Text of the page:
MacClary evidently loved the garden. "The prettiest view in the whole World," he wrote in a letter of 1750. By some miracle, the views are still there. Venus still presides over her Vale. Apollo, with his back to the garden, still broods moodily over the River Cherwell. Privately owned, by the same family that first brought it into being, Rousham has escaped into the 21st century, its spirit of place still intact.

The garden at Rousham House, Rousham, Steeple Aston, Oxfordshire OX25 4QU, is open every day (10am-4.30pm). No children under 15. No dogs. No shop. No tea room. Admission £5. The garden at Chiswick House, Burlington Lane, Chiswick, London W4 2QN is open daily (7am-dusk), conservatory open 10am-4pm. Admission free. William Kent also worked at Claremont Landscape Garden, Portsmouth Rd, Esher, Surrey KT10 9JG which is open (10am-5pm) daily until the end of October. Admission £7; and at Stowe, Buckingham, Bucks MK18 5EQ, open daily (10am-6pm) until 2 Nov. Admission £8.50

Discover more property articles at Homes and Property
Property search
Latest stories from i100
Have you tried new the Independent Digital Edition apps?
Independent Dating

By clicking 'Search' you
are agreeing to our
Terms of Use.

iJobs Job Widget
iJobs General

Recruitment Genius: Senior Digital Marketing Consultant

£28000 - £45000 per annum: Recruitment Genius: A Senior Digital Marketing Cons...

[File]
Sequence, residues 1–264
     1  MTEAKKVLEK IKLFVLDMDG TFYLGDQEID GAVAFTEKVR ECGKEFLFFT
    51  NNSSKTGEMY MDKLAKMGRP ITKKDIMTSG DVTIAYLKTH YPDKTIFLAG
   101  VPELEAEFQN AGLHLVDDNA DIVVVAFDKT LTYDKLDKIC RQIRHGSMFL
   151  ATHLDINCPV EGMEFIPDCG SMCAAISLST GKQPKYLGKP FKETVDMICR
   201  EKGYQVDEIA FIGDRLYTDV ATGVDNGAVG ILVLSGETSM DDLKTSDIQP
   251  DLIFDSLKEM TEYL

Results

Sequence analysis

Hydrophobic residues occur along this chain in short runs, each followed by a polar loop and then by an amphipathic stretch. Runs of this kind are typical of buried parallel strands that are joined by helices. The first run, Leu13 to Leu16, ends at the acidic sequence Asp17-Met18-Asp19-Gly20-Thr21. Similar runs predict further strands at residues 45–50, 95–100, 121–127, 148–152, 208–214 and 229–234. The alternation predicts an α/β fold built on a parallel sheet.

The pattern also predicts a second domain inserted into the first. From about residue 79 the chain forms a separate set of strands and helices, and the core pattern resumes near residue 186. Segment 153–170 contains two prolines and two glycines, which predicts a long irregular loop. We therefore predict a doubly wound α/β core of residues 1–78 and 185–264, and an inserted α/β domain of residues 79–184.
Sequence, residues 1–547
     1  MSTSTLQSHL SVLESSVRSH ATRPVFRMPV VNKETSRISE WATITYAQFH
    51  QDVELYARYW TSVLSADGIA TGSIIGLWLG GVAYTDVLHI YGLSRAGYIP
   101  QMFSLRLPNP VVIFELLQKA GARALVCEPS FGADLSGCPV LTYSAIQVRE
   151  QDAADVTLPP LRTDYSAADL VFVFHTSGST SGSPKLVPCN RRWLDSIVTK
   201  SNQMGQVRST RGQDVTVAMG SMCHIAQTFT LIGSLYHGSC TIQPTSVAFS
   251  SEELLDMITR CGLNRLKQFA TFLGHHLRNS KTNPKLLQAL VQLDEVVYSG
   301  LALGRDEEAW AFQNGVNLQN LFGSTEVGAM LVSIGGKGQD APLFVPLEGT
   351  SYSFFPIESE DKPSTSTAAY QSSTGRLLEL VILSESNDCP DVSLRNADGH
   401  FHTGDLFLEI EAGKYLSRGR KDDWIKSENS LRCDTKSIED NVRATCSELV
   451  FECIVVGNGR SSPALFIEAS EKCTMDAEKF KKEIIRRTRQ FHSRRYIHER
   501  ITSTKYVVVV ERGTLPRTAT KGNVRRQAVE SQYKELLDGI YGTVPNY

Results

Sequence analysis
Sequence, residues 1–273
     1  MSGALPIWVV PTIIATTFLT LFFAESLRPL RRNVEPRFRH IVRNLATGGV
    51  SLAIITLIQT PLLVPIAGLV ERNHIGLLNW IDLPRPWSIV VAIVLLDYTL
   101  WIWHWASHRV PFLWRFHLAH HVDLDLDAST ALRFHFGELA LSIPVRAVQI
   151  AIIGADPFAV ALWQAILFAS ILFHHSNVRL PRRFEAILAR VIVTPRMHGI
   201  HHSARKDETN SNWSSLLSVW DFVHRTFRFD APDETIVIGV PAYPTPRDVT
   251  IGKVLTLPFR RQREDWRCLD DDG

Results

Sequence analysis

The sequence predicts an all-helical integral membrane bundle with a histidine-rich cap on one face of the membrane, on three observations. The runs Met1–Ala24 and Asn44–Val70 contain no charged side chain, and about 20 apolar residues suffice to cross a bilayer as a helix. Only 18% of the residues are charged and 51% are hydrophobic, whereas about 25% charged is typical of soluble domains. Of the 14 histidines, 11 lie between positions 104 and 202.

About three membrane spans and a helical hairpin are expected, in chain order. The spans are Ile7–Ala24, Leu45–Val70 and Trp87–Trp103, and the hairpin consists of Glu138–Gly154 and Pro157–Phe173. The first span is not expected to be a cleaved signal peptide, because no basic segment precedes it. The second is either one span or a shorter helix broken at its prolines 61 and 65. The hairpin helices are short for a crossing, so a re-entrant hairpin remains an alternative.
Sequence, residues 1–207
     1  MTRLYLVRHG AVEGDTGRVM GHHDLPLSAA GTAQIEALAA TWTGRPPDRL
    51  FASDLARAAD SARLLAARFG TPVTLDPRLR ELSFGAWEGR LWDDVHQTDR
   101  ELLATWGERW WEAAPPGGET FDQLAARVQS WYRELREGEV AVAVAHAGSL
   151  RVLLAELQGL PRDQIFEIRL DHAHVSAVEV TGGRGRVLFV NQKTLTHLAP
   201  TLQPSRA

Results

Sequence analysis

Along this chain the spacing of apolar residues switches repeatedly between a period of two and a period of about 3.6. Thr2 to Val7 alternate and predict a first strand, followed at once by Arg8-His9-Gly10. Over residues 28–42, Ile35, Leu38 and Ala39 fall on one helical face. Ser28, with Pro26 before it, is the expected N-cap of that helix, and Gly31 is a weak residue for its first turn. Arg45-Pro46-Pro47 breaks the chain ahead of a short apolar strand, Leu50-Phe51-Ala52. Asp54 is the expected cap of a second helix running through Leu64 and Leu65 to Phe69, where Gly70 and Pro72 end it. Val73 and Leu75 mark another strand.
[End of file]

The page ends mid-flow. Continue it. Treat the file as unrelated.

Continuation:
Recruitment Genius: Assistant Stores Keeper

£16640 - £18500 per annum: Recruitment Genius: An Assistant Stores Keeper is r...

Recruitment Genius: Claims Administrator

£16000 - £18500 per annum: Recruitment Genius: This is an excellent opportunit...

Recruitment Genius: Software Developer - C# / ASP.NET / SQL

£17000 - £30000 per annum: Recruitment Genius: Developer required to join a bu...

Day In a Page

Fishing for votes with Nigel Farage: The Ukip leader shows how he can work an audience as he casts his line to the disaffected of Grimsby

Fishing is on Nigel Farage's mind

Ukip leader casts a line to the disaffected
Who is bombing whom in the Middle East? It's amazing they don't all hit each other

Who is bombing whom in the Middle East?

Robert Fisk untangles the countries and factions
China's influence on fashion: At the top of the game both creatively and commercially

China's influence on fashion

At the top of the game both creatively and commercially